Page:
Future of Connected Transportation: Easy

Future of Connected Transportation: Easy

This piece was originally published in the December 2018 issue of electroindustry.

Bryan Mulligan introduced a panel on the Future of Connected Transportation. The panelists, who explained how real-time data can improve safety and mobility on the road, represented the Colorado Department of Transportation (CDOT), Panasonic USA, and the Ford Motor Company. The companies collaborated on a connected vehicle platform to save lives along the 90-mile stretch of I-70 from Golden to Vail.

Standards, Mr. Mulligan predicted and panelists agreed, will play an essential role in connected transportation. The government’s role, however, is shifting. With the evolution of roadway infrastructure from concrete to one that utilizes information and communication technologies, the dynamic is changing to one in which governments set goals, objectives, and outcomes and the private sector chooses the technologies and methods that enable them.

In response to what he called a “hodgepodge of state and local policies,” he said that the industry is responding with a “collaboration between automotive and infrastructure folks.”

Amy Ford, Chief of Advanced Mobility, Colorado Department of Transportation (CDOT)

“Data is the new concrete,” Amy Ford observed in her comments, referring to Colorado’s innovative RoadX system to improve driving, safety, and navigation apps by using real-time data.

Ms. Ford envisions smarter systems in infrastructure, like ramps and gates that improve the flow of traffic and decrease the need for additional lanes, and virtual guardrails that “talk to” cars to prevent crashes and aid in finding drivers who go off treacherous mountain roads. Smart pavement through a mountain pass, for example, will immediately alert first responders if a vehicle leaves the roadway. Future capabilities include inductive charging of electric vehicles.

Furthering her prediction that the future will be autonomous and electric, Ms. Ford wowed the audience with a documentary of the autonomous 18-wheel tractor-trailer, Otto, on its one-time, 120-mile beer haul from Fort Collins to Colorado Springs along I-25.

Kellen Pucher, Director, Strategic Initiatives, Connected Vehicles, Panasonic USA

According to Kellen Pucher, “Today’s cars have a lot to say.” As automobiles move from analog vehicles to data machines, the communication between vehicles and infrastructure is evolving from:

  • Vehicle-to-vehicle (V2V)—relies on equipment inside vehicles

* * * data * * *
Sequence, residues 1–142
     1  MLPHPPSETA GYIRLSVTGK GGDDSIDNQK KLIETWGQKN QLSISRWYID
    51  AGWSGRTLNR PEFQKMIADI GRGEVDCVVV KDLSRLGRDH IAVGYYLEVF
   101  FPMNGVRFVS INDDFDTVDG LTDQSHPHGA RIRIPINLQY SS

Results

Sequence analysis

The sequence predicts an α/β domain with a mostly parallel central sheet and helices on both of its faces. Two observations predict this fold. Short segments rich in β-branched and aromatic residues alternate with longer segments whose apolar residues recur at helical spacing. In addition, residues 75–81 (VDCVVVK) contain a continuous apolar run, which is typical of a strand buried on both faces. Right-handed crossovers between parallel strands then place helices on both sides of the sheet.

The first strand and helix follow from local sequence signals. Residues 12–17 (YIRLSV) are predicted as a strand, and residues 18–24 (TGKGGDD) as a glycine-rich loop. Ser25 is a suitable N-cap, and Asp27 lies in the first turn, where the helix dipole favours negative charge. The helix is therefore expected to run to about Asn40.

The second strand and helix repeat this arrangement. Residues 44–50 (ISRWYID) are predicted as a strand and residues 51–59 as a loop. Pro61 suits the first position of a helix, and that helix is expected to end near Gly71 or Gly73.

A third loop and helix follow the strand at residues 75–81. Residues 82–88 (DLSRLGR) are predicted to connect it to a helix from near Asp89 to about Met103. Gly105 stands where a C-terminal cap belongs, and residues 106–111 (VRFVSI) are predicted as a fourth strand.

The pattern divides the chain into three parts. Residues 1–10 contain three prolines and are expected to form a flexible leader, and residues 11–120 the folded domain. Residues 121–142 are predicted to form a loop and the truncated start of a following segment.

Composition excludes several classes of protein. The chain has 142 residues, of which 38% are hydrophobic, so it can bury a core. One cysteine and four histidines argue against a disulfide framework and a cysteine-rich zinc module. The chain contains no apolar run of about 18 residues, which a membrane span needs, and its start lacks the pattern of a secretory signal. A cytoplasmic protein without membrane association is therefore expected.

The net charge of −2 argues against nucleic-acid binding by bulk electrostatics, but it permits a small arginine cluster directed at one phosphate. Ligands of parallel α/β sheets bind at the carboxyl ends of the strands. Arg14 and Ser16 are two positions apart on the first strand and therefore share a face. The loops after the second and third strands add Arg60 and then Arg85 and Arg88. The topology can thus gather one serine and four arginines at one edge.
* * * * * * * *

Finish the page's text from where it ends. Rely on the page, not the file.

• Vehicle-to-infrastructure and infrastructure-to-vehicle (V2I/I2V)—relies on roadside infrastructure
  • Vehicle-to-everything (V2X)—interacts with a tiered data environment

V2X will increase roadway capacity, decrease crashes, reduce time spent in traffic, and reduce environmental impact by taking advantage of wireless communications.

In 2000, Mr. Pucher explained, the first connected cars had about a million lines of code. By 2010, that number was up to 10 million lines, which is more than an F-35 fighter jet. Today, an average car has more than 100 million lines of code.

“The operating system of the smart roads of the future will encompass the IoT, cloud analytics, and an open ecosystem,” he concluded.

Kathleen Baireuther, Senior Manager, Smart Mobility’s City Solutions, Ford Motor Co.​

In her opening remarks, Kathleen Baireuther quoted Bill Ford, chairman of Ford Motor Co., as observing that “the mobility model that we have today simply will not work tomorrow. We are going to build smart cars, but we also need to build smart roads, smart parking, smart public transport systems, and more.”

To accomplish that vision, the company relies on connectivity. Today, that means connecting to the cloud with standard mobile devices. Ultimately, as long-range 5G technology becomes available, connectivity will enhance autonomous vehicles (AVs) and automated driving. The company’s approach to AVs focuses on combining human-centered technology with innovative business models.

Being in the auto industry now, Ms. Baireuther concluded, encompasses urbanization, an expanded middle class, concerns about air quality, and—perhaps most instructive—consumer attitudes. As an example, she noted that curb management is replacing parking as a traffic priority.

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